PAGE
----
To solve these issues, enterprises are able to establish Quality teams to spear head process improvement initiatives to reduce variations and control costs.  Many times these process improvement initiatives take a bottom-up approach, mustering effort through activities such as Six Sigma, but the root cause identification stops at the unique defect event and does not bubble up to the larger strategic model.  Even though benefits accrue through these quality initiatives, it may not alleviate fundamental misalignments.  When such organizations are hit with competitive pressures or further acquisitions, the executive leadership team feels the need for transforming the organization.  Business architecture can be a critical enabler of transformation.   A business architect can influence the organization to bring customer back in focus for the organization by demonstrating the relationship between customer facing outputs (which are purchased and therefore drive revenue) and the hierarchical and aligned capability model showing internal operating costs.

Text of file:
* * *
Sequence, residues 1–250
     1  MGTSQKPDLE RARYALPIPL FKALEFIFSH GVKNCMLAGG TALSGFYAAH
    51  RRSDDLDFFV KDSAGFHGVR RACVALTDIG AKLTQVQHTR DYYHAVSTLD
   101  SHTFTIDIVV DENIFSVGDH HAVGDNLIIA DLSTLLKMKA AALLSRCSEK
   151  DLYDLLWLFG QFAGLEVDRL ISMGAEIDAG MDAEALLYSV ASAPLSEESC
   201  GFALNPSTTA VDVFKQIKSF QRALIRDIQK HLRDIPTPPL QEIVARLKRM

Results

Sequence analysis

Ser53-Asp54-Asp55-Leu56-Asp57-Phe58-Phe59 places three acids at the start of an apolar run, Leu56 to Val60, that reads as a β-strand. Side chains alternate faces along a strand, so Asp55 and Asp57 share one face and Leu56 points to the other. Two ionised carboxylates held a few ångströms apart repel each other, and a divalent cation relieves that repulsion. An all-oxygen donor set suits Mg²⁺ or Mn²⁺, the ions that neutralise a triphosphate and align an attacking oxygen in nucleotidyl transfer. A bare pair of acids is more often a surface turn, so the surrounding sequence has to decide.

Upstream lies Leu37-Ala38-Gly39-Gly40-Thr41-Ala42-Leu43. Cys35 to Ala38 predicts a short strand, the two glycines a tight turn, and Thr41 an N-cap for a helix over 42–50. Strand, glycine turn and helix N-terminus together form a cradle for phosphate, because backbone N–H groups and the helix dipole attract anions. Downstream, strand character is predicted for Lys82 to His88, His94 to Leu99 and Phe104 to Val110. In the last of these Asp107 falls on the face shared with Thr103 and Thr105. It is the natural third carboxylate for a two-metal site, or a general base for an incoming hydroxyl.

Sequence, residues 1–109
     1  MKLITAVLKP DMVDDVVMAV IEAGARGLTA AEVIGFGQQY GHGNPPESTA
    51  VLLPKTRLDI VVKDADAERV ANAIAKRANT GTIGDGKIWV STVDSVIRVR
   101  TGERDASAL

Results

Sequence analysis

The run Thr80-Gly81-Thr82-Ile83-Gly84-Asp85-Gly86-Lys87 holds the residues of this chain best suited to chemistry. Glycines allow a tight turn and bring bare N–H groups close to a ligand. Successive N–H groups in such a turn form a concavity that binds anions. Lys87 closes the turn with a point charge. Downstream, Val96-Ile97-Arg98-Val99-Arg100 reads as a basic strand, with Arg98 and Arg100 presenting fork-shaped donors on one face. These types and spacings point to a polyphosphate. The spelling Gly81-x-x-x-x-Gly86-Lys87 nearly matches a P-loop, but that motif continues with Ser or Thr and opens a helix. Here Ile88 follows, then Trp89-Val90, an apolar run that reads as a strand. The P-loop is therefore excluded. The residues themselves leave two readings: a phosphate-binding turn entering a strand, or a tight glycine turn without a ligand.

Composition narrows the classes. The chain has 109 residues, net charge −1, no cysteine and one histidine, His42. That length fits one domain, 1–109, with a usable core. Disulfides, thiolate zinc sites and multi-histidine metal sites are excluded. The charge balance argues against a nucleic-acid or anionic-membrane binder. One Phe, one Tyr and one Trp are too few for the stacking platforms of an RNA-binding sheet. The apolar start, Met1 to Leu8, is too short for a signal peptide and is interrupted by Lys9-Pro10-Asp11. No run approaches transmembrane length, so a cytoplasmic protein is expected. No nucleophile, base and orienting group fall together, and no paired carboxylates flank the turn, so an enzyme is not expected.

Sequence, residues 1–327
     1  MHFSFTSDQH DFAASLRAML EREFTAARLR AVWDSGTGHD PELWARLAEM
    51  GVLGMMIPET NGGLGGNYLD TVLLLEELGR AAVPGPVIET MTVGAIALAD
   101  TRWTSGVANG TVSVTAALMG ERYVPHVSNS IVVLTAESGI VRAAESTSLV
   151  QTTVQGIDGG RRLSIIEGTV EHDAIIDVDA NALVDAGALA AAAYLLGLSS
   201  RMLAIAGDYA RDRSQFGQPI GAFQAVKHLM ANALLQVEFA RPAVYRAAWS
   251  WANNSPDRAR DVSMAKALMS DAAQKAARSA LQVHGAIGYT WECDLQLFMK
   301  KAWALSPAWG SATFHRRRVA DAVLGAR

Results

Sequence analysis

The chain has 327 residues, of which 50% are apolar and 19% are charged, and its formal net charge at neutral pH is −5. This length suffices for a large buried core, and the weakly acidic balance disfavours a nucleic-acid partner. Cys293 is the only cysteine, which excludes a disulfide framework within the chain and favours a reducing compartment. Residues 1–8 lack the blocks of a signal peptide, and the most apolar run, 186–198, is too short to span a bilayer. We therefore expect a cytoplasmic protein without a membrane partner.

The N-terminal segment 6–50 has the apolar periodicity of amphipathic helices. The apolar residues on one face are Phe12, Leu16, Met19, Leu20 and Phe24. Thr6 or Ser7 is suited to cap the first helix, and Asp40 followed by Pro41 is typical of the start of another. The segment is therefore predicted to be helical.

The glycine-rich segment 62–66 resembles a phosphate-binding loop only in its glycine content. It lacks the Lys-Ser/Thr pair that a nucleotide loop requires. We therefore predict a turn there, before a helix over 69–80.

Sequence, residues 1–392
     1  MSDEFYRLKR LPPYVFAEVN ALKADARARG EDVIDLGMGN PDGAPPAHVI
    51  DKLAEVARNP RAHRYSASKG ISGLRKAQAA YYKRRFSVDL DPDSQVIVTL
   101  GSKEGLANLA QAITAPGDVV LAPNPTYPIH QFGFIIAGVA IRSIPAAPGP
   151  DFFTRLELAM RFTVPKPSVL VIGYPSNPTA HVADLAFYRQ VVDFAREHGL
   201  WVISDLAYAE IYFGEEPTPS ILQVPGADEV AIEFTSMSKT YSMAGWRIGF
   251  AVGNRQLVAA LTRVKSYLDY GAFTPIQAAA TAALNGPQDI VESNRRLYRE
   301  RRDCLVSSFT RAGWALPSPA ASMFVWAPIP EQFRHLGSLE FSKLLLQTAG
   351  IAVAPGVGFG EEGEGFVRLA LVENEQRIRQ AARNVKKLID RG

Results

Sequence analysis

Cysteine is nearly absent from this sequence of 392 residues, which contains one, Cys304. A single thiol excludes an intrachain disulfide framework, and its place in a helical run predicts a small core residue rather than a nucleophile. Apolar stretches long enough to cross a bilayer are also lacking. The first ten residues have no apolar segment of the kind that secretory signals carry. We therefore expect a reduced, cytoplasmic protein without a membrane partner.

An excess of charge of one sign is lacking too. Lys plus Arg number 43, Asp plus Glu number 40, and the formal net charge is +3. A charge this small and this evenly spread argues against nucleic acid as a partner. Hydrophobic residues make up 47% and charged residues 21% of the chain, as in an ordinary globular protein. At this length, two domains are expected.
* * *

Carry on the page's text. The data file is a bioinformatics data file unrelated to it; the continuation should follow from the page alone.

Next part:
Challenges faced by business architect

Organizations rarely have the luxury of leveraging business architecture from inception.  A business architect may walk into the scenario, as described above, to solve problems for Executive business leadership.  Business architect should probe executive sponsor and understand value expected through capability maps and value chains (that depict how capabilities come together to deliver value to customers).